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MTA proposes fare increases ... again

CYRIL JOSH BARKER Amsterdam News Staff | 10/22/2012, 2:07 p.m.
MTA

If the MTA gets its way, straphangers could be paying $2.50 for a single ride on subways and buses. The announcement was made this week by the MTA, which says the increase is needed to cut controllable expenses.

"Costs that the MTA does not exercise control over--namely those for debt service, pensions, energy, paratransit and employee and retiree health care--continue to increase beyond the rate of inflation," said MTA Chairman and CEO Joseph J. Lhota. "We are grappling with long-term measures to reduce these frustrating and difficult non-discretionary expenses, but today, they are the drivers of the need for a fare and toll increase."

The MTA has four proposals that would increase fares. One proposal would raise monthly unlimited MetroCards to $125 and weekly unlimited MetroCards to $34 but keep single rides at $2.25. Another plan would raise monthly fares to $119 and weeklies to $32. Tolls on some bridges would go up as well by $2. Express bus service could rise to $6.

The proposals will be subject to modification after the public review process and will be considered for adoption by the MTA Board at its Dec. 19 meeting. The new fare and toll rates would go into effect on or about March 1, 2013.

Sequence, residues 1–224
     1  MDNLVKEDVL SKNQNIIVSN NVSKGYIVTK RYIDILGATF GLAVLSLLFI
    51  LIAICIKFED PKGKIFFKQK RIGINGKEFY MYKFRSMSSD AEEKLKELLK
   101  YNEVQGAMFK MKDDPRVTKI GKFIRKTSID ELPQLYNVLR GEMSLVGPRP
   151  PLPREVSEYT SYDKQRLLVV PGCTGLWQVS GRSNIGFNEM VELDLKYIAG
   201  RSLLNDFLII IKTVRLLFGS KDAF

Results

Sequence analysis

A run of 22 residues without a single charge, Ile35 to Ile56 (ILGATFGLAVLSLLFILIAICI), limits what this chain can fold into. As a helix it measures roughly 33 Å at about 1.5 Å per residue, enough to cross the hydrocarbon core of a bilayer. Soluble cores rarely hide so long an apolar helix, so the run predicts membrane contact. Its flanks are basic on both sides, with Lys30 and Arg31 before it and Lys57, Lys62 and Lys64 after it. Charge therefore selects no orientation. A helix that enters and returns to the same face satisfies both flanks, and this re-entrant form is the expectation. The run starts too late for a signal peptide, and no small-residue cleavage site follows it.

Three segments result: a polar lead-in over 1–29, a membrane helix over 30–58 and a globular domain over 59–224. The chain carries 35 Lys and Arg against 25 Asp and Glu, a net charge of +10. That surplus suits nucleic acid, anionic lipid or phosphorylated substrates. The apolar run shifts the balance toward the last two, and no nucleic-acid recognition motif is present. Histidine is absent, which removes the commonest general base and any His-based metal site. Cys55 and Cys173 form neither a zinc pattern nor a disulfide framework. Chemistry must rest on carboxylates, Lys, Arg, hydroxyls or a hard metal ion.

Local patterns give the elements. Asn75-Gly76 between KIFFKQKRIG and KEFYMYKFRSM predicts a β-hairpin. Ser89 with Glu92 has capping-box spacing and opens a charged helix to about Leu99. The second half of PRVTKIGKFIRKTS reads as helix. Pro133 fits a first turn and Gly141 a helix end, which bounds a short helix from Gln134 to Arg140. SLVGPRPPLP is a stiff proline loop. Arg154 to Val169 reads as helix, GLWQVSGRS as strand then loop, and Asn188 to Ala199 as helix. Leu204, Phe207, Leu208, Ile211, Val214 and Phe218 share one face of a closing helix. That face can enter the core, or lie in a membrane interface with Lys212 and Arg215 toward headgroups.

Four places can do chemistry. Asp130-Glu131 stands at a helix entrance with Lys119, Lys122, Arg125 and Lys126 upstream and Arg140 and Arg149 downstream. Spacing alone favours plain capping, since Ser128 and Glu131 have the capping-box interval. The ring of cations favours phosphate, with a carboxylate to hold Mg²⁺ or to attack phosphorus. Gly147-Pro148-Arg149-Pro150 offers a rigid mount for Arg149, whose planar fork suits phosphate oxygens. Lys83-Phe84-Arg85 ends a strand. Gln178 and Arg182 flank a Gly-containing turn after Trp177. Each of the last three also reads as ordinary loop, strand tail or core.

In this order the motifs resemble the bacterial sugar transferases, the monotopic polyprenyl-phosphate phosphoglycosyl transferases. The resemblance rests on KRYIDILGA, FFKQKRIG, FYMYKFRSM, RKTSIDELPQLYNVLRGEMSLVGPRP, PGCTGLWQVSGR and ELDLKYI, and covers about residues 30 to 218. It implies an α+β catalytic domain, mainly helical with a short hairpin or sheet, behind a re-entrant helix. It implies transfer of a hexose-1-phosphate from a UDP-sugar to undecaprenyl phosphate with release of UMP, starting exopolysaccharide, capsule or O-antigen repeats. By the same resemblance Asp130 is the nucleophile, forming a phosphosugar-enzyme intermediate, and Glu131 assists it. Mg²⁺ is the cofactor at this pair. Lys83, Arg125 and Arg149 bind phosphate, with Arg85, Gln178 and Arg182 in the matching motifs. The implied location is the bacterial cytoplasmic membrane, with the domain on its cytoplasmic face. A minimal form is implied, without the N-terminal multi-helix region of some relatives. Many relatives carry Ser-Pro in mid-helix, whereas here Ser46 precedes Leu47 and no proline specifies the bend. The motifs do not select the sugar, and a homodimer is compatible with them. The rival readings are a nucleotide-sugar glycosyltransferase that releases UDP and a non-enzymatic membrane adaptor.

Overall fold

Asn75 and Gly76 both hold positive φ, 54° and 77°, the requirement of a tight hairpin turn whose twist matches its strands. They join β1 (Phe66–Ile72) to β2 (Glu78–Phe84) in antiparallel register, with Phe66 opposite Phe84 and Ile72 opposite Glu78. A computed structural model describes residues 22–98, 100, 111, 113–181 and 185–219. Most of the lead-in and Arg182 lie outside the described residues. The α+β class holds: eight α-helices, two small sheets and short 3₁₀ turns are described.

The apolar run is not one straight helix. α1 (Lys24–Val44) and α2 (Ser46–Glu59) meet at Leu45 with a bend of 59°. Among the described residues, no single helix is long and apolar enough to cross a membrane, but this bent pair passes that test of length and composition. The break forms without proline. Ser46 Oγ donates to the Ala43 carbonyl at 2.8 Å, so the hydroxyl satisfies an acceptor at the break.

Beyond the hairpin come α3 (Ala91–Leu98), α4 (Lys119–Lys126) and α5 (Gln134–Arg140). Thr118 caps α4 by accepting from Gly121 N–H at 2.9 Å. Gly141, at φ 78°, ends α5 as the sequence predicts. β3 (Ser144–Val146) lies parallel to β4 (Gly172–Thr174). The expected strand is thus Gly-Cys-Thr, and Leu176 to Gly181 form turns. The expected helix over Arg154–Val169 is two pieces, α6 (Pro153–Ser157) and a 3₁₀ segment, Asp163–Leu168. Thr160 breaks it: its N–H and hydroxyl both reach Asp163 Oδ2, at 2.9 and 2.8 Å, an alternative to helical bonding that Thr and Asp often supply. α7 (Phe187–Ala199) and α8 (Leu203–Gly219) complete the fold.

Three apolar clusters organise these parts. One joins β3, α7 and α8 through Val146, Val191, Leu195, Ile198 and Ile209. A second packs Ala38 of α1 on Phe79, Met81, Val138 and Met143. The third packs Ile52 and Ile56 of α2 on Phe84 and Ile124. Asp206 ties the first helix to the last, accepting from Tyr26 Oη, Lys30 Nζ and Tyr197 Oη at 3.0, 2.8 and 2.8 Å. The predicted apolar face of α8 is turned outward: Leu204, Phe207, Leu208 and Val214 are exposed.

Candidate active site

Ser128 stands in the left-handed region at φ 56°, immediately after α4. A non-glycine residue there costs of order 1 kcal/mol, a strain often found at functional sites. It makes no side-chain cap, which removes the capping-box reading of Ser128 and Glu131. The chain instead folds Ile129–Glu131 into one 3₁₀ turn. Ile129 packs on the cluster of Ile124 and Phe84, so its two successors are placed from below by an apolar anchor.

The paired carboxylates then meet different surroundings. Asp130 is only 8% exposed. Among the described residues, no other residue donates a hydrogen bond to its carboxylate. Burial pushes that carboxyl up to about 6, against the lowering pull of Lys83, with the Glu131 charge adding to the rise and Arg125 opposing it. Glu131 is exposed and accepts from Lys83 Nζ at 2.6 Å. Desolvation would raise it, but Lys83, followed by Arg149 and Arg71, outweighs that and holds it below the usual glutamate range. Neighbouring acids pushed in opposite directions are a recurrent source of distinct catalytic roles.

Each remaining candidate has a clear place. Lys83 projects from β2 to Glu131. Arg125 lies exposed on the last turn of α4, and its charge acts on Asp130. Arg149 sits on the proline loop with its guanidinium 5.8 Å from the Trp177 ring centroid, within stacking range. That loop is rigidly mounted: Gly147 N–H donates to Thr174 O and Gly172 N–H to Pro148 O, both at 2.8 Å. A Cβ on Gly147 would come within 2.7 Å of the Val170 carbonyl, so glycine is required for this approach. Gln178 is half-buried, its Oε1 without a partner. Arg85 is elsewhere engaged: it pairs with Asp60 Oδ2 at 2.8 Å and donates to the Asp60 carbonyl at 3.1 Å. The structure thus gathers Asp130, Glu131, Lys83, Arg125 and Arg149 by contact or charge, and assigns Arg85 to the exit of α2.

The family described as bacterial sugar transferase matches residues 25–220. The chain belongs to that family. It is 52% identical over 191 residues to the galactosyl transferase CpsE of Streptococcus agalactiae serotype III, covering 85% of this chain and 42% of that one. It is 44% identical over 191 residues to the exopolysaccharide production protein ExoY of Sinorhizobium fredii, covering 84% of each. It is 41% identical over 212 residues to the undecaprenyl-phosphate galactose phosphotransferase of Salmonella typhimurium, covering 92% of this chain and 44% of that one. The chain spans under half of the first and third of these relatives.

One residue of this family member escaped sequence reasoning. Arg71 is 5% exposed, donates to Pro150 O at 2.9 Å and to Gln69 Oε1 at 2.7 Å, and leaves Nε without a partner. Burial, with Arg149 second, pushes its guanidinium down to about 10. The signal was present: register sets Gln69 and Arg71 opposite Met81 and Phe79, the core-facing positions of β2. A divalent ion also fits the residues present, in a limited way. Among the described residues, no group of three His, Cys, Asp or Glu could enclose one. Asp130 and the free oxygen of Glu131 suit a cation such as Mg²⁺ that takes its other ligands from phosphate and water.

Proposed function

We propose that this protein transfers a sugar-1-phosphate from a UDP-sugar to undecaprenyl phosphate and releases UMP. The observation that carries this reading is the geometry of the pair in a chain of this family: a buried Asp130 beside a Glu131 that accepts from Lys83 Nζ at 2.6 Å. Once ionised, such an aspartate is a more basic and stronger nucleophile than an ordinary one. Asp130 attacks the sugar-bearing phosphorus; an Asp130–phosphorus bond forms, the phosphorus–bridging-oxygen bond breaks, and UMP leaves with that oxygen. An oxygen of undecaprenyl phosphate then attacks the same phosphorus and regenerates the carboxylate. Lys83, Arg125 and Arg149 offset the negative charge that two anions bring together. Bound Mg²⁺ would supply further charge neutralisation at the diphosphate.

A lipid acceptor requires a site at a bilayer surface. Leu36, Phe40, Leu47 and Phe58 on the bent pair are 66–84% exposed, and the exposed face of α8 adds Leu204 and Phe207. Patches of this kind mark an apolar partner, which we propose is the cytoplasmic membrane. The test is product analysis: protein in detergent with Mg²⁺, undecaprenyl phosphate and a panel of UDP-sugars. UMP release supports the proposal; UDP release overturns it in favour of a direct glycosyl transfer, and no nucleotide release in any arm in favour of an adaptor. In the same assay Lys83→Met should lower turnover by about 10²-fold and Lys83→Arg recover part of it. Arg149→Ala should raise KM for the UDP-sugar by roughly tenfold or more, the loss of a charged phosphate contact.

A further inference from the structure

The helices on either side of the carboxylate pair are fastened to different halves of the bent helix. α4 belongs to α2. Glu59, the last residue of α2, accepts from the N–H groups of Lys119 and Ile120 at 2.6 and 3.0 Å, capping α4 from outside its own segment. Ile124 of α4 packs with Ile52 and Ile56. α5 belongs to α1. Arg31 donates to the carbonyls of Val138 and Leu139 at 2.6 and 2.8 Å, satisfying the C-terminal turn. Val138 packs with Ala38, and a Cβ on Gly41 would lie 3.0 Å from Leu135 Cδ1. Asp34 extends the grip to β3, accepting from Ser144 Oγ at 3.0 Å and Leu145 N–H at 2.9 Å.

"The public will have significant input into our decision-making process. In the spirit of transparency, the public will assist in shaping our fare policy," said Lhota. "These proposals have been designed to balance our need for revenue with public involvement."

The MTA is hosting a series of public hearings across the city. The first one will be on Nov. 7 at the Brooklyn Marriott at 5 p.m.

Concern over the fare hike is already brewing. The Straphangers Campaign, a public transit advocacy group, said increased fares would be harmful to the city.

"If there's a fare hike in 2013, this will be the fourth subway, bus and commuter rail fare increase in five years," the group said in a statement. "The MTA fare options would hit the riders hard."